# On groups with finite pro-$p$ completion for all primes $p$

Say that a group has Property X if its pro-$p$-completion is finite for every prime $p$. For instance, every perfect group has Property X.

Is there a finitely generated, residually finite group $G$ such that every finitely generated subgroup of $G$ is either virtually nilpotent, or has Property X (but $G$ is not virtually nilpotent)? Furthermore, is there such $G$ with intermediate growth?

We would like to have examples where not much is known about their word growth.

Motivation: Henry Bradford and I found some lower bound on the word growth for some groups. We are looking for examples of groups for which this will be useful.

Edit: I changed the condition on the subgroups to subgroups who do not have polynomial word growth to avoid the lower bound $e^{\sqrt{n}}$ that follows from a result of Grigorchuk, see Theorem E.2 in https://arxiv.org/pdf/1512.07044.pdf.

Edit: see Groups with unknown word growth for a refinement of this question.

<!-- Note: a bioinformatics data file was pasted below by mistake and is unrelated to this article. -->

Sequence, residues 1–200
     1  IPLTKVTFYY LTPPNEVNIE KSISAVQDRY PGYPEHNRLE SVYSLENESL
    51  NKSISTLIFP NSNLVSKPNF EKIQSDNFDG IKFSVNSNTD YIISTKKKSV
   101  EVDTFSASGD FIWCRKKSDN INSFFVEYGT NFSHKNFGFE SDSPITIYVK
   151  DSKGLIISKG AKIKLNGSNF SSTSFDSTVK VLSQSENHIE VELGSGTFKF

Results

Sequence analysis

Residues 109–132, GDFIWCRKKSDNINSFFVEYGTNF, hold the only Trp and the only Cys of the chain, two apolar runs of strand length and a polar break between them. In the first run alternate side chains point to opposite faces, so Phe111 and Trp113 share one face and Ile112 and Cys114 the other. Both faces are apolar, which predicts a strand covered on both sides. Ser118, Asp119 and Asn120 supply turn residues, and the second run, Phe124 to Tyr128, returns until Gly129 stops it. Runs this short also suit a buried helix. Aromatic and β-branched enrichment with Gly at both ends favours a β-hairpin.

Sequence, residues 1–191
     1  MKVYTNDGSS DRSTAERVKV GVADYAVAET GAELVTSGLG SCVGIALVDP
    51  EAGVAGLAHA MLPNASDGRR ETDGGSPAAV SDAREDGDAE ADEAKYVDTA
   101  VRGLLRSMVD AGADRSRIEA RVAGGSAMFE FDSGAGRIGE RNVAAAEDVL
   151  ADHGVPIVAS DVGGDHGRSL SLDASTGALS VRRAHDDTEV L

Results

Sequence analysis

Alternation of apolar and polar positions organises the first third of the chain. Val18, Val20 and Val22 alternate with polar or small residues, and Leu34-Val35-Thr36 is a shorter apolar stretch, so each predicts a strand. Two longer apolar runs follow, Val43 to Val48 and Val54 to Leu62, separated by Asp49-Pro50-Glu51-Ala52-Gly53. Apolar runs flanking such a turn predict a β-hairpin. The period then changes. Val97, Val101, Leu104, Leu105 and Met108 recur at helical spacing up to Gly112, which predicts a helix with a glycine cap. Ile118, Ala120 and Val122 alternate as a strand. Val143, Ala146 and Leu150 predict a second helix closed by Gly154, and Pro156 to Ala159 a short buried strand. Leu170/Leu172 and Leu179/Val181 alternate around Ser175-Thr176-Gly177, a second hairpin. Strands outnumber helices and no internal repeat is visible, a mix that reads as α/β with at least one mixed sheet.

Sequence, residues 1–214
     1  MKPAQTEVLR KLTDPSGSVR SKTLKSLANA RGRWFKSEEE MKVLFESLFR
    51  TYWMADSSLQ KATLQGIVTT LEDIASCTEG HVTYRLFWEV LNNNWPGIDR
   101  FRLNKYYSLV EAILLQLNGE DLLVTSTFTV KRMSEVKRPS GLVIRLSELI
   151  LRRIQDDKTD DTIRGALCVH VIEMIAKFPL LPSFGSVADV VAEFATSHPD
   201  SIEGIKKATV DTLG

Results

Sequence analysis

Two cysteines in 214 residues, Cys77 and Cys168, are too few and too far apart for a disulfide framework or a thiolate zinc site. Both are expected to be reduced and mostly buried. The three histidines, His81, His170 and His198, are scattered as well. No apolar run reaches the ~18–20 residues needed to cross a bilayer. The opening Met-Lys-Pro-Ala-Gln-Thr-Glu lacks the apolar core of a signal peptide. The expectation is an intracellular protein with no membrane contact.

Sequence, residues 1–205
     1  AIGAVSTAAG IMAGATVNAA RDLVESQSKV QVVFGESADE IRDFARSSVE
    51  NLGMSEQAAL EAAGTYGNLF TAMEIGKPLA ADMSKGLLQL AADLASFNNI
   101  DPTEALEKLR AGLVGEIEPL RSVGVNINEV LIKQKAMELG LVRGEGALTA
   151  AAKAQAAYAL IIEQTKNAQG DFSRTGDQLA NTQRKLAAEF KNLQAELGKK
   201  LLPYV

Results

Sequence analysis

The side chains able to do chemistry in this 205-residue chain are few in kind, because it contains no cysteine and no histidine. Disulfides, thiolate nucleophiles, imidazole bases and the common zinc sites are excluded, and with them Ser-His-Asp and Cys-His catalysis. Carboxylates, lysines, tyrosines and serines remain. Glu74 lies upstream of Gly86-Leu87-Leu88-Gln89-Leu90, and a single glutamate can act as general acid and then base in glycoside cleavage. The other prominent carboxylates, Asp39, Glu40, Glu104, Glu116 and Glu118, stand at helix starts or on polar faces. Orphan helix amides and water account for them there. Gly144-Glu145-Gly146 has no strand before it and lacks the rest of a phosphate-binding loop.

• Such groups do not exist. Indeed the trivial subgroup and, moreover, any cyclic subgroup does not satisfy one of your conditions. – Mark Sapir Dec 14 '17 at 14:49
• @MarkSapir thanks. I have fixed it (I hope). – Yiftach Barnea Dec 14 '17 at 14:55
• To answer the question in the title: any perfect finitely generated infinite residually finite group works (since it's perfect, its pro-$p$-completion is trivial, while its profinite completion is infinite). For instance $\mathrm{SL}_3(\mathbf{Z})$ is such a group. – YCor Dec 14 '17 at 16:42
• Also beware that Bartholdi's Theorem E2 is most likely miswritten. Indeed for a f.g. group, "residually virtually nilpotent" is equivalent to "residually finite" (since virtually nilpotent f.g. groups are residually finite, and finite groups are residually nilpotent). But I don't expect its sentence starting with "In particular, if $G$ is residually virtually nilpotent... blah" to be known to hold (as it would assert a gap between polynomial and $e^{\sqrt{n}}$ for residually finite fg groups). It's probably meant to hold when $G$ is virtually residually nilpotent. – YCor Dec 14 '17 at 21:01
• ... eventually I edited the question for clarification. I think it reflects the OP's request. – YCor Dec 14 '17 at 21:11